Limited at first to the mass production of parts, standardization soon invaded the process of assembling parts into finished products. Frederick Taylor (1856–1915), for example, undertook extensive time-and-motion studies to provide the basic data for standardizing assembly methods in factories. Coming from a well-to-do Philadelphia family, Taylor gave up the study of law at Harvard to become an apprentice machinist at the age of nineteen. Fourteen years later, after rising from laborer to chief engineer of the Midvale Steel Company, he organized his own firm to sell to manufacturers the idea of "scientific management" that involved techniques to promote efficiency not only in the shop but also in the office and in the accounting and sales departments. New assembly methods were first used dramatically by Henry Ford (1863–1947), who established the assembly line, or "progressive line production" in the automobile industry in 1914.
The rapid growth of the American economy depended also on an increasing specialization and division of labor. Relatively independent jacks-of-all-trades (village blacksmiths, for example) gave way to many independent individuals skilled in particular economic activities. Most striking was the separation of labor and management functions that arose slowly in agriculture but rapidly in industry. Specialized managers and specialized wage earners replaced semi-independent artisans; manual laborers no longer organized production or sold finished products. Specialized retailing replaced the general store; the jobber concentrated increasingly on a particular line of goods; investment bankers who floated stocks and bonds became separated from commercial bankers who made loans to business. The sole link among these specialists lay in the price-and-market system in which impersonal monetary values governed the relationships between buyers and sellers of labor, commodities, and credit. Those at the core of this price-and-market network, such as capitalists and business managers, possessed great power to manipulate it, while farmers and wage earners, far less capable of influencing large economic affairs, were more frequently manipulated by others. Thus, the closely knit economy of specialists gave rise to a division between dominant and subordinate, central and peripheral, economic roles.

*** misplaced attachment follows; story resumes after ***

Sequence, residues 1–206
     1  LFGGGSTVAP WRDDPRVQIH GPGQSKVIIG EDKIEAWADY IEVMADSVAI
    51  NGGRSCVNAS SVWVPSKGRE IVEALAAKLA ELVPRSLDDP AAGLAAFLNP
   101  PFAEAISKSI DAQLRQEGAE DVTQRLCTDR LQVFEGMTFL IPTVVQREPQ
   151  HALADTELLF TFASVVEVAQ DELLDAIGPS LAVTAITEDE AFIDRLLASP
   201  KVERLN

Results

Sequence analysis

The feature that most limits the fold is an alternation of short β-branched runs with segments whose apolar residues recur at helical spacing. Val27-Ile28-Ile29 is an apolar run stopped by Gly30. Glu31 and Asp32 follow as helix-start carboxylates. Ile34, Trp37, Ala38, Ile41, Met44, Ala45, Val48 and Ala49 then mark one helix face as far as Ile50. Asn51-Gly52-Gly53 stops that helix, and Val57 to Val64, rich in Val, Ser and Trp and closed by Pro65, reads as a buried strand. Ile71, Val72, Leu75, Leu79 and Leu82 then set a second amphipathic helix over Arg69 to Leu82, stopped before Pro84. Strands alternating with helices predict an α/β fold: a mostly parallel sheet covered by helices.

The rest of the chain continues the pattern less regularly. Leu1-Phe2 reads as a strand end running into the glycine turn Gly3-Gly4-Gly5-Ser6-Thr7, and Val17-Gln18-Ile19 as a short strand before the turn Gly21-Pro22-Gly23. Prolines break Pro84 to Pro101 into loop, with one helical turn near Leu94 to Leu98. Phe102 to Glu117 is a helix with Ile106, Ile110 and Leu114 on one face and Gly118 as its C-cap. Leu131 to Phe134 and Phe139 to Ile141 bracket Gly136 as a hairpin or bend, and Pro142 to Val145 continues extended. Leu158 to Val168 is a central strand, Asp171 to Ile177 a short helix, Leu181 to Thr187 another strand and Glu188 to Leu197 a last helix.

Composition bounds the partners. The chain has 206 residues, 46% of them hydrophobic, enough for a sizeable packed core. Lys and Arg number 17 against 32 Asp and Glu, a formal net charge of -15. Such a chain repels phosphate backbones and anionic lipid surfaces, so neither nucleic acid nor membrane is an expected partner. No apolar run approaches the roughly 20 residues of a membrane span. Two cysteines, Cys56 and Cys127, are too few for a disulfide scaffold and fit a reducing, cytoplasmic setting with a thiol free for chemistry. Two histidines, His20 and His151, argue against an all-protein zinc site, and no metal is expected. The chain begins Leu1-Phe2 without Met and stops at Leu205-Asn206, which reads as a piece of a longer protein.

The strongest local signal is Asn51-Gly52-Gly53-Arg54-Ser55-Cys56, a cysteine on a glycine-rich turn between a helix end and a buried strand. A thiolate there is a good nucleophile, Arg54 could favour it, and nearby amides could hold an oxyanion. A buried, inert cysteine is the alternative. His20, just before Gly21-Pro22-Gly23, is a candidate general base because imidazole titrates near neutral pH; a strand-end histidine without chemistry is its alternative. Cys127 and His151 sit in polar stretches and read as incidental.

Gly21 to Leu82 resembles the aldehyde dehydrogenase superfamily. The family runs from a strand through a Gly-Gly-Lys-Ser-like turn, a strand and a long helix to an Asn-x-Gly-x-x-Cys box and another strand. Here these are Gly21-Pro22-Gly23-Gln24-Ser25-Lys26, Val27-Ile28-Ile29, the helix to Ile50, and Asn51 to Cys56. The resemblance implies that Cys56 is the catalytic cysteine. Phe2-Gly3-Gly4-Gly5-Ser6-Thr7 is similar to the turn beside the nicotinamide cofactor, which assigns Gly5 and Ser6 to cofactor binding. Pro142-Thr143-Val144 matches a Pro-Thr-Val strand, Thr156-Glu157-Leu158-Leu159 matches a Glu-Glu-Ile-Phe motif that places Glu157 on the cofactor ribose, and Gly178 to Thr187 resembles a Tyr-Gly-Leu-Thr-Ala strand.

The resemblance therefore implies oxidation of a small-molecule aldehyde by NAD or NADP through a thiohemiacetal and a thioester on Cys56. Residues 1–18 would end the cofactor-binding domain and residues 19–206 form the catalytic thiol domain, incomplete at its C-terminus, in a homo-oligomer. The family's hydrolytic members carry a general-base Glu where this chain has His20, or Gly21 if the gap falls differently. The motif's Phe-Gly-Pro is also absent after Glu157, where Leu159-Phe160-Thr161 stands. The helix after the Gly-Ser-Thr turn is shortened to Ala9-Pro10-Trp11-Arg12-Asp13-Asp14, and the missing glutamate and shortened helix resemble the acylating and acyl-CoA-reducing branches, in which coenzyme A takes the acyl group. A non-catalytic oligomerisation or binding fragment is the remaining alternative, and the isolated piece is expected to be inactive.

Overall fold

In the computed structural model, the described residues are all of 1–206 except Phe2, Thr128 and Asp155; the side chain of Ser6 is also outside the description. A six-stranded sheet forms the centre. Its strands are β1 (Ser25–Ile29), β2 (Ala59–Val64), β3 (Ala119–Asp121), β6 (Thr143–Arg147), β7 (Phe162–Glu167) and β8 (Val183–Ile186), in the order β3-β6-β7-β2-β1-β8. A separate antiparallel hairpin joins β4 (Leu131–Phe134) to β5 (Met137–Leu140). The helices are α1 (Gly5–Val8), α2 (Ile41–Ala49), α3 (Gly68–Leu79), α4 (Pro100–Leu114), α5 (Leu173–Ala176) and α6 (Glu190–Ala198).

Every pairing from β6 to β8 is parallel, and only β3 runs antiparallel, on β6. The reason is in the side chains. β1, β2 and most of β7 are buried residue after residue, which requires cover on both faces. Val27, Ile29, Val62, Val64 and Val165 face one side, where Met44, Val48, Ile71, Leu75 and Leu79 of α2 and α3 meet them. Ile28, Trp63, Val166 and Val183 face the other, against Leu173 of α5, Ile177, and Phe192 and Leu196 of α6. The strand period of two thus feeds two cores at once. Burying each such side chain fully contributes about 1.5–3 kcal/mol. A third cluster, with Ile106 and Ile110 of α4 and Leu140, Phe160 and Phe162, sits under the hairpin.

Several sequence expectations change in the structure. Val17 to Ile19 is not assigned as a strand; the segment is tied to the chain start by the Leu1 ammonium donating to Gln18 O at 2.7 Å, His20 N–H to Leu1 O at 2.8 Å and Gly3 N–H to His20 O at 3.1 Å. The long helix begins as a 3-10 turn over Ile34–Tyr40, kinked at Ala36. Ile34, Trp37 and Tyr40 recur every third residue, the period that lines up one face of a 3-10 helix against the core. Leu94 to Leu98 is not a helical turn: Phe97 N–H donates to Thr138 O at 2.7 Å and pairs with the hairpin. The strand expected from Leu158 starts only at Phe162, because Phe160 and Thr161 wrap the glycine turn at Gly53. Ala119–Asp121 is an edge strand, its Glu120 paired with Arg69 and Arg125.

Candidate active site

The transportation and communication revolution changed agriculture as well as manufacturing. Formerly farmers had remained comparatively self-sufficient, producing much of their own food, clothing, furniture, and equipment. But just as the new national market destroyed the local blacksmith in the face of mass-produced hardware, it outmoded household production of clothing by the farm family in favor of factory-made clothing. Household industry remained longest in those areas that high-cost transportation rendered least accessible to the outside world and therefore where consumers were least able to purchase factory-made goods. Thus, home production of clothing declined sharply in the counties along the new canals of the early nineteenth century, but remained usual a few tiers away.
Excerpted from The Response to Industrialism 1885â"1914 by Samuel P. Hays, Daniel J. Boorstin. Copyright © 1995 the University of Chicago. Excerpted by permission of The University of Chicago Press.
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Table of ContentsEditor's Foreword to the Second Edition
Preface to the Second Edition
Introduction: The Old and the New
1: Industrialism Under Way
2: Modernization in Values and Culture
4: The Emerging Organizational Society
5: The Reform Impulse
6: City and Country
7: Sectionalism: Economics, Society, and Politics
8: Governing in an Age of Change
9: Expansion of the American Nation
Conclusion: America's Response to Industrialism in Review